This is a popular team-building event, promoting a casual, friendly atmosphere in which the lowliest filing clerk feels at ease chatting with the company's top brass.
One after another, Kuwaiti and expatriate staff, male and female, spontaneously approach the stranger in their midst to say how much the company's family atmosphere makes them look forward to coming to work each morning.
This must be gratifying to Mrs Akbar, who admits she has struggled to balance her career with the demands of raising three children, aged 14, 13 and 7, whose pictures dominate her office decor.
But she is living proof that a profoundly male-dominated industry can sometimes benefit from a quintessentially female touch. By the end of last year, the six-year-old Kuwait Energy was producing 13,400 barrels of oil equivalent (boe) per day from more than 51 million boe of proved and probable reserves, mostly established through the drill bit. Its revenue for the year was US$120 million (Dh440m).
From an initial staff of three - Mrs Akbar, Mr Aboukhamseen and the chief operating officer Mohammed al Howqal - the company's workforce has expanded to more than 400. The founders, all former Kuwait Oil engineers, decided to launch Kuwait Energy following the appointment of a new chairman of the state oil company, with whom they did not feel in tune.
That meant the company's solid start was in no way due to the past associations of its founders with Kuwait Oil. In fact, says Mrs Akbar, people joke that Kuwait Energy operates everywhere except in Kuwait. The company pumps oil and gas from Egypt, Oman, Ukraine, Yemen and Russia.
Kuwait Energy also leads the international consortium that won the rights last year to develop Iraq's Siba gasfield and is a member of the group that submitted the winning bid for the larger Mansuriya in north-east Iraq.
For many Kuwaitis with memories of the scorched earth devastation wrought in their country, venturing into Iraq might have proved too emotionally daunting. But Mrs Akbar is determined to help to repair the relationship between the two oil-producing neighbours.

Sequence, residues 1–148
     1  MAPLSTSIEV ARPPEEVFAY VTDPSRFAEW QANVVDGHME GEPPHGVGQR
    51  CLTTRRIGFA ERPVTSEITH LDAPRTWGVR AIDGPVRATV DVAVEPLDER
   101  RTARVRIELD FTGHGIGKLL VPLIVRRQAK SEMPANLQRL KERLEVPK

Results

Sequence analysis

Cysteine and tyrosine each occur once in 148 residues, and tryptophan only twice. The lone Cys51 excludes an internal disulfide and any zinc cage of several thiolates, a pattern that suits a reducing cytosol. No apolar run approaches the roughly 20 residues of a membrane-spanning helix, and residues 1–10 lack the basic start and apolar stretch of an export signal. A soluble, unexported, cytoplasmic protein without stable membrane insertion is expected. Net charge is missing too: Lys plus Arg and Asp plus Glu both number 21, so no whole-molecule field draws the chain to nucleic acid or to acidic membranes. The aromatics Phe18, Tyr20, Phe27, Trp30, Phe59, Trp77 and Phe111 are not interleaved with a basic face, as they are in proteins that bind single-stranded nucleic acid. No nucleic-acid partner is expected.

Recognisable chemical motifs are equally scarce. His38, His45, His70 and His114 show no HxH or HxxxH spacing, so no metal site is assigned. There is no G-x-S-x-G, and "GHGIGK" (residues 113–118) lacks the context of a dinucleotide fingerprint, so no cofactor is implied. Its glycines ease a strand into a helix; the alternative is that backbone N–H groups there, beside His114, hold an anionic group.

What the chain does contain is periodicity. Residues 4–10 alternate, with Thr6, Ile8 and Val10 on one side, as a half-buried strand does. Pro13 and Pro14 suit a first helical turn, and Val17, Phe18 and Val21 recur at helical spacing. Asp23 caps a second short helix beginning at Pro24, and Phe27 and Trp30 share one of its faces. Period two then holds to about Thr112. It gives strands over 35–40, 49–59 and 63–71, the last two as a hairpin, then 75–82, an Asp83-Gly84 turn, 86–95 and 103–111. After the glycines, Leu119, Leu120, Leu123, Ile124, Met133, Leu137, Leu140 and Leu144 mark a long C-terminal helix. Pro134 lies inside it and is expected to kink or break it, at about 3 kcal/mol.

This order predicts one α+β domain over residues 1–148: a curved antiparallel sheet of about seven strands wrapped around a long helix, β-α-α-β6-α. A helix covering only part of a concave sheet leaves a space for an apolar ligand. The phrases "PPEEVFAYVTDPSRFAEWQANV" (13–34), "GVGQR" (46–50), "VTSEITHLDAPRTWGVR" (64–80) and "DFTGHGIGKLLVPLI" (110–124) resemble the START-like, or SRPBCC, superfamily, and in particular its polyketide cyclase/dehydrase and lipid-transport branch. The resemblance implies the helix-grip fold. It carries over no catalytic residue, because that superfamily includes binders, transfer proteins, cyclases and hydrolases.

"We've been paying regular business visits. We understand them, and they understand us," she says. "We need to focus on the future not the past; to focus on building an economic relationship, which we haven't done in the past. People in decision making believe, and I believe, there is a great future for Iraq. In five years' time, Iraq will be a different country completely."
Mrs Akbar is also optimistic about the future of Egypt, which she predicts will be a better location for oil and gas development than in the past. She is encouraged that the interim government has retained many able technocrats, which she believes will enable Egyptians to form "the best government they have ever had".
Yemen, which is Mrs Akbar's favourite foreign Arab country, is another story: "People say it might split into two countries. Parts are independent now. We don't know what is the future. It's not obvious."
But whatever is in store for the Arab world's most impoverished state, its people will still need revenue from oil and gas production, she adds. Mrs Akbar views "the Arab awakening" as unstoppable because of the deep-rooted desire of peoples in the Middle East and North Africa for self-determination.
Unsurprisingly, she believes Arab women have a big role to play in building the region's future.
"For women, the sky is the limit."